Ignoring the potential warning signs that some menopausal symptoms are telling one's body may increase the likelihood for falls and other conditions that may require homecare, new research suggests.
Scientists at UCLA found that in the more than 2,000 older women they looked at who experienced symptoms such as hot flashes or night sweats, vasomotor conditions that may come from going through menopause, are mo
re likely to have weaker hip and leg bones.
Soberingly, other doctors say that roughly a quarter of older Americans who suffer hip fractures are not likely to survive through the next year.
Dr Jeremiah Clinton says that that statistic, along with new research from his team that found that elderly women with an upper arm fracture are five times more likely to break a hip in the next 12 months, point to a need for older Americans with fractures to discuss options with their doctor.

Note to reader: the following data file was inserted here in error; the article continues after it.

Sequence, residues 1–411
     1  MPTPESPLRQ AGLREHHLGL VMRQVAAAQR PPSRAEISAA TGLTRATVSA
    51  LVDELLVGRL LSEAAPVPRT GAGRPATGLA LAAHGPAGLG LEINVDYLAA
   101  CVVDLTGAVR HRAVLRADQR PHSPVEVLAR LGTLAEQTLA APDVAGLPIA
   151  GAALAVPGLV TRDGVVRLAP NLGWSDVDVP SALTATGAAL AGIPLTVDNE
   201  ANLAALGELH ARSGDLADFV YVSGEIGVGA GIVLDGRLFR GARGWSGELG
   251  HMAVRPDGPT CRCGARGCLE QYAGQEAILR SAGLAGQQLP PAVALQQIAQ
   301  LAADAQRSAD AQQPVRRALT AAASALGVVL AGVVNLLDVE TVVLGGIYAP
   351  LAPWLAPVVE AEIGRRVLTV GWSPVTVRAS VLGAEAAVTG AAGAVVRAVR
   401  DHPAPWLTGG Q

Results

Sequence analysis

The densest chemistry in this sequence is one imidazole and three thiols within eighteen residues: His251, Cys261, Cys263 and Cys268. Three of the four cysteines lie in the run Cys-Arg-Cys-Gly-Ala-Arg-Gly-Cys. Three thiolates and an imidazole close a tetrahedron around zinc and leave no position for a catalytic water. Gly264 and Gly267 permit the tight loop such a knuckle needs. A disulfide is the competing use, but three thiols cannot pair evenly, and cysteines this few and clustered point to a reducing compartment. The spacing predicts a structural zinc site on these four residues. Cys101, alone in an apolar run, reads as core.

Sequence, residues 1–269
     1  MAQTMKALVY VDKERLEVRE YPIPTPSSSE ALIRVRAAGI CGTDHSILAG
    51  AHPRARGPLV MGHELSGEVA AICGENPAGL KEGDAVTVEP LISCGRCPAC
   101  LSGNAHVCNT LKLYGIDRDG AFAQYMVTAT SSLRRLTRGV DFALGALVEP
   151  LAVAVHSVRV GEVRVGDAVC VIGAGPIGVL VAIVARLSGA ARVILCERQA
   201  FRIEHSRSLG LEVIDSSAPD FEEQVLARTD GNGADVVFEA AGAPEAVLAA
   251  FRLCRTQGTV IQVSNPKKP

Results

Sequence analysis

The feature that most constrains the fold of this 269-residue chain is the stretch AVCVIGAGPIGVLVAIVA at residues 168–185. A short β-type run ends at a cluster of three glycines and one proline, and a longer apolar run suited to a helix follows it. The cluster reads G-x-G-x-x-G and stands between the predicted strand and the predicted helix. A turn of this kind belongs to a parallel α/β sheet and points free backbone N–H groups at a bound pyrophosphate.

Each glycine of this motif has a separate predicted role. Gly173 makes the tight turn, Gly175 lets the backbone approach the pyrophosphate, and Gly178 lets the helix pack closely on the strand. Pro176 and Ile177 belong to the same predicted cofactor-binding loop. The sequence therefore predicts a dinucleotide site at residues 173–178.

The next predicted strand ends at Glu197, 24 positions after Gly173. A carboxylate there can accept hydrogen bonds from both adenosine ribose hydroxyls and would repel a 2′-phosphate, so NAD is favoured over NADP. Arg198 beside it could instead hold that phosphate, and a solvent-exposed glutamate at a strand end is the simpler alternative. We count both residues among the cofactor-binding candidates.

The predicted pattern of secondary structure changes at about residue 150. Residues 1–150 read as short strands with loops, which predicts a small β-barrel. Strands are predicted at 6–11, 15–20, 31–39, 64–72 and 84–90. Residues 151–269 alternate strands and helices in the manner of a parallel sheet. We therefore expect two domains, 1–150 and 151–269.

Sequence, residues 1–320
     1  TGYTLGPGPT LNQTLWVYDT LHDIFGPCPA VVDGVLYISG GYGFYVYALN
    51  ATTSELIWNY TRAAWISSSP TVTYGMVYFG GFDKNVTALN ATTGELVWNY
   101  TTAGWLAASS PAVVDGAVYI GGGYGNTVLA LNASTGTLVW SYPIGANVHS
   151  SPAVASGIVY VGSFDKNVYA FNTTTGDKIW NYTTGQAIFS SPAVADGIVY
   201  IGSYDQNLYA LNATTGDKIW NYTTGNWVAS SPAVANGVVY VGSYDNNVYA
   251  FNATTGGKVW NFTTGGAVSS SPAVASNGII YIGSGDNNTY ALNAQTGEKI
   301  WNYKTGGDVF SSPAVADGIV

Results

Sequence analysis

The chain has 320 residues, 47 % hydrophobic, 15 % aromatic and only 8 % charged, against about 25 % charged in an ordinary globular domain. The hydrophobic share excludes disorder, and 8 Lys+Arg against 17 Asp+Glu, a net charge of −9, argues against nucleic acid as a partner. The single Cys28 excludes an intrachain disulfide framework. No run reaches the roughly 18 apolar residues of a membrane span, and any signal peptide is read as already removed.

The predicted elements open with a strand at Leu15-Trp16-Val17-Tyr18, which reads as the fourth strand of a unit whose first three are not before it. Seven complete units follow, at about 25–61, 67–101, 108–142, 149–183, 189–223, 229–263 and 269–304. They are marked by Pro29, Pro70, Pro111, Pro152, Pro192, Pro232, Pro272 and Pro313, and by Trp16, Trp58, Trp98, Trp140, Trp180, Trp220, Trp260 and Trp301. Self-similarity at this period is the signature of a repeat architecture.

"What I tell my patients is that we have ample evidence now to support the use of biphosphenates to reduce the risk of fragility fractures, and especially reduce the risk of hip fractures, even within the first year of starting the medication," he says.